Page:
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  • At the same time fresh mercury, from which the sodium had been previously extracted, flows from the other outside compartment into the central one.

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  • The moon's apparent mean motion in longitude seems also to indicate slow periodic changes in the earth's rotation; but these are not confirmed by transits of Mercury, which ought also to indicate them.

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  • By the addition of mercury to Darcet's metal the melting point may be reduced so low as 45°.

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  • On the voyage he noticed the retardation of the pendulum in approaching the equator; and during his stay on the island he observed, on the 7th of November 1677, a transit of Mercury, which suggested to him the important idea of employing similar phenomena for determining the sun's distance.

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  • He studied the whole subject of thermometry critically; he introduced the use of an accurate air-thermometer, and compared its indications with those of a mercurial thermometer, determining the absolute dilatation of mercury by heat as a step in the process.

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  • This float dips into a tank filled with mercury so that practically the entire instrument is floated by the mercury, leaving only sufficient pressure on the bearings to ensure that the pivots will remain in contact with them.

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  • Common's telescope presents many ingenious features, especially the relief-friction by flotation of the polar axis in mercury, and in the arrangements of the observatory for giving ready access to the eye-piece of the telescope.

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  • The difficulties of relief friction could probably be best overcome by a large hollow cylinder concentric with the polar axis fixed near the centre of gravity of the whole instrument and floated in mercury, on the plan adopted in the Mount Wilson 60-in.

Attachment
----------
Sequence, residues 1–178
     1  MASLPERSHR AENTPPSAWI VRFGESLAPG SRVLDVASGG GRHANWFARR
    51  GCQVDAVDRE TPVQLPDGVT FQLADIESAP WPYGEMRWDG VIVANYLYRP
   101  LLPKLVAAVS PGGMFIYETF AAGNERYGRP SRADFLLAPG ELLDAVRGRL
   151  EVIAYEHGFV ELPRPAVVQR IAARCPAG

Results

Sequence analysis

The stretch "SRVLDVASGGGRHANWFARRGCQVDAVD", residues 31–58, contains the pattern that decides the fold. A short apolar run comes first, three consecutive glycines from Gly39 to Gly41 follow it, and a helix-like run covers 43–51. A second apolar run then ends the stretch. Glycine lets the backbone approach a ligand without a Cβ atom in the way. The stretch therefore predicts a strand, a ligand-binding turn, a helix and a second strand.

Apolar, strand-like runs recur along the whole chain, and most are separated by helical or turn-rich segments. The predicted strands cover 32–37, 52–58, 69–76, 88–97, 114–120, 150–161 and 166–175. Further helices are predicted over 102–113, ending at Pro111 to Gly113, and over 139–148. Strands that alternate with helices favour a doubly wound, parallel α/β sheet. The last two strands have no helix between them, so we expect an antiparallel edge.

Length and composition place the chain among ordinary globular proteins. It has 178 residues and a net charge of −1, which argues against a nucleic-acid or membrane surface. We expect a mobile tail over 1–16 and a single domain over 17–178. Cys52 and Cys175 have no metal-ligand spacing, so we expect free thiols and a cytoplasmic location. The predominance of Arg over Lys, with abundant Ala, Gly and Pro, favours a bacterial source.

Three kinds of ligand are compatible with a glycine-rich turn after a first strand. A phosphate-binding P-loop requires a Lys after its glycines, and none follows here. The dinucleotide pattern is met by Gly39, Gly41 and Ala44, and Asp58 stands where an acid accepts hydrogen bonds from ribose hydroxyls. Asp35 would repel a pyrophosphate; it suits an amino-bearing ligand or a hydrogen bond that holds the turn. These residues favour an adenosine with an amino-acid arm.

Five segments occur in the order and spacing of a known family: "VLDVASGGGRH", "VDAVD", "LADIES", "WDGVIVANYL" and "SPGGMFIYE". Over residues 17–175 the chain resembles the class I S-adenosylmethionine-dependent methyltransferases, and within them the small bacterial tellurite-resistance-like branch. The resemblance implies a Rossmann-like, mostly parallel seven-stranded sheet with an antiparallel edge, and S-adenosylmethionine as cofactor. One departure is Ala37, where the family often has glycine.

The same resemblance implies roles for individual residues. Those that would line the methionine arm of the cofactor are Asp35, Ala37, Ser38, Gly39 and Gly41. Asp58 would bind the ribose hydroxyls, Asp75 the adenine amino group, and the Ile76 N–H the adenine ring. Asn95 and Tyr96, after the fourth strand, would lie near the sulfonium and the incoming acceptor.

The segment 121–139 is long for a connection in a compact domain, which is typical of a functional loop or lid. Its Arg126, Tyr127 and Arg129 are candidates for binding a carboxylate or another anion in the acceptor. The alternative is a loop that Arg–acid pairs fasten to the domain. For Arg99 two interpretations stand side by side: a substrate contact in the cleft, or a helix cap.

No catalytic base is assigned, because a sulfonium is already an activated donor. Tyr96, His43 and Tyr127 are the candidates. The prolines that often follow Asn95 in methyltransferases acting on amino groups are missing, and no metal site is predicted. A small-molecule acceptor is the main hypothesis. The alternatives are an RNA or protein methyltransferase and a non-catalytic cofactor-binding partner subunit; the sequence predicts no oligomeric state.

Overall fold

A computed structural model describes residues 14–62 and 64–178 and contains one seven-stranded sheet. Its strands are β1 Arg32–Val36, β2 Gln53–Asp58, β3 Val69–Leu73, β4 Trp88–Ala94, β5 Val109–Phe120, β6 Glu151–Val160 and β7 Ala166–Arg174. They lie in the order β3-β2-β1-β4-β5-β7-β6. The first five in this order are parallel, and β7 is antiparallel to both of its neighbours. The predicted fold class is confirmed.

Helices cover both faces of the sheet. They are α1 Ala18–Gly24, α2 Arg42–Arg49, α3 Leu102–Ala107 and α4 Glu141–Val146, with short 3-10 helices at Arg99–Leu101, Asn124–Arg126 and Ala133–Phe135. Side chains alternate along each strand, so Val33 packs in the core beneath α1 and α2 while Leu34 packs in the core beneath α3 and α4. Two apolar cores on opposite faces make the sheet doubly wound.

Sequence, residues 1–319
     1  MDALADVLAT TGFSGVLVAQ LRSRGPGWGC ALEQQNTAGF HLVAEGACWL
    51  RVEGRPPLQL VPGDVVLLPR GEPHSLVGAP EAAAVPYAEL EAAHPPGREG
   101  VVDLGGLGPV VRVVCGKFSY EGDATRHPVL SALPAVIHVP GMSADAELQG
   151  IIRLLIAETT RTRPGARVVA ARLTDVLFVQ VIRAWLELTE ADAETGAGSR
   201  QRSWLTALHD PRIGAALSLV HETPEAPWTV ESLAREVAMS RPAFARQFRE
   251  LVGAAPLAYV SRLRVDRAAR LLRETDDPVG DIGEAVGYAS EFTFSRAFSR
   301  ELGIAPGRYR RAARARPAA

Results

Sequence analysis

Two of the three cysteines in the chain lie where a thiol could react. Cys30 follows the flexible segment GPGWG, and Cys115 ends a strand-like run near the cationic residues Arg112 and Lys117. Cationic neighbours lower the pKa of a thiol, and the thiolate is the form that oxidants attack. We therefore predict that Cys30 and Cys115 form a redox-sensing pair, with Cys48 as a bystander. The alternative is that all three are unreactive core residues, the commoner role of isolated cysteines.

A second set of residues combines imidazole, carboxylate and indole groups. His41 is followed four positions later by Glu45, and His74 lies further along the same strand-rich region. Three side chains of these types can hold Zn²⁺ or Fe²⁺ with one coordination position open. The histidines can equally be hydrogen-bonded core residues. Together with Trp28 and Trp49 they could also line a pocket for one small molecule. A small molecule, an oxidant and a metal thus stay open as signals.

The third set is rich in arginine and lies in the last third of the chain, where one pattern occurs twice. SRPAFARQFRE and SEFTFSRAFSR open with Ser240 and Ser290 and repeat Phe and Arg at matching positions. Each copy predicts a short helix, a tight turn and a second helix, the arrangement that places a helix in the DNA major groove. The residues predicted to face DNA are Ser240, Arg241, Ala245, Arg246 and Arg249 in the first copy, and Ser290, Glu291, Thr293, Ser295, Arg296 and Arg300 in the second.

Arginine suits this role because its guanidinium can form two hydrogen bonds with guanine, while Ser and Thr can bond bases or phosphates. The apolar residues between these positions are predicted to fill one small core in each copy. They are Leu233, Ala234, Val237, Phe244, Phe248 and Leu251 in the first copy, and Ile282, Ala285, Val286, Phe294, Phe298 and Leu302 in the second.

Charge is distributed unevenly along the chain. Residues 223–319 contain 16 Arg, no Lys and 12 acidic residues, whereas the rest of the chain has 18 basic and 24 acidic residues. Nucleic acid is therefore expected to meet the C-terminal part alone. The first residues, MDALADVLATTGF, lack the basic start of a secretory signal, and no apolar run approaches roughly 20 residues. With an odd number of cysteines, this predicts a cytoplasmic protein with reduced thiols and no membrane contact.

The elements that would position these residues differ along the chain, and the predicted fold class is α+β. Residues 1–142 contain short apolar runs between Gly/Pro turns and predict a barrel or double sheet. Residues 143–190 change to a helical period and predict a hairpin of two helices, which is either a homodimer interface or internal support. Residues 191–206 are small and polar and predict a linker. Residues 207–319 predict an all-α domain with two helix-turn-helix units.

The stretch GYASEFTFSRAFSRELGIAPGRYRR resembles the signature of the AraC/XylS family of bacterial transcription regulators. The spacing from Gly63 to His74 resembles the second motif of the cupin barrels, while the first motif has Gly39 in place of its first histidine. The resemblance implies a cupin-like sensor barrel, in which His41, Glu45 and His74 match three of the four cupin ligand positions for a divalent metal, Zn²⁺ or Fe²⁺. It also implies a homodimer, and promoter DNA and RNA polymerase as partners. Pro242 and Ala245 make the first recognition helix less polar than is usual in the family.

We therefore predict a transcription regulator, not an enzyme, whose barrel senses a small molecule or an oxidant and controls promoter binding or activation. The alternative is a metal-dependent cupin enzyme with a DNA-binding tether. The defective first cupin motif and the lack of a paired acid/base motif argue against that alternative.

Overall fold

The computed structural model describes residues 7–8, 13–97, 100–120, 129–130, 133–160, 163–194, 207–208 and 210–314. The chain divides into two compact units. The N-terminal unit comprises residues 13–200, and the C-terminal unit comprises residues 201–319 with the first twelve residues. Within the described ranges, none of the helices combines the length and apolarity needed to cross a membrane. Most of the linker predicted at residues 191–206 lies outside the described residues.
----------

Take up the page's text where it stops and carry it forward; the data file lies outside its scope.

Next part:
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  • On this principle the use of the level is abolished, the telescope is mounted on a metallic float, and it is assumed that, in course of the rotation of this float, the zenith distance of the axis of the telescope will remain undisturbed, that is, of course, after the undulations, induced by the disturbance of the mercury, have ceased.

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  • This process, which reached its culmination in the post-Khammurabic period, led to identifying the planet Jupiter with Marduk, Venus with Ishtar, Mars with Nergal, Mercury with Nebo, and Saturn with Ninib.

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  • It is obtained by condensing benzal chloride with mercury diphenyl (Kekule and Franchimont, Ber., 1872, 5, p. 907); from benzal chloride or benzotrichloride and zinc dust or aluminium chloride; from chloroform or carbon tetrachloride and benzene in the presence of aluminium chloride; and deamidating diand tri-aminotriphenylmethane with nitrous acid and alcohol (0.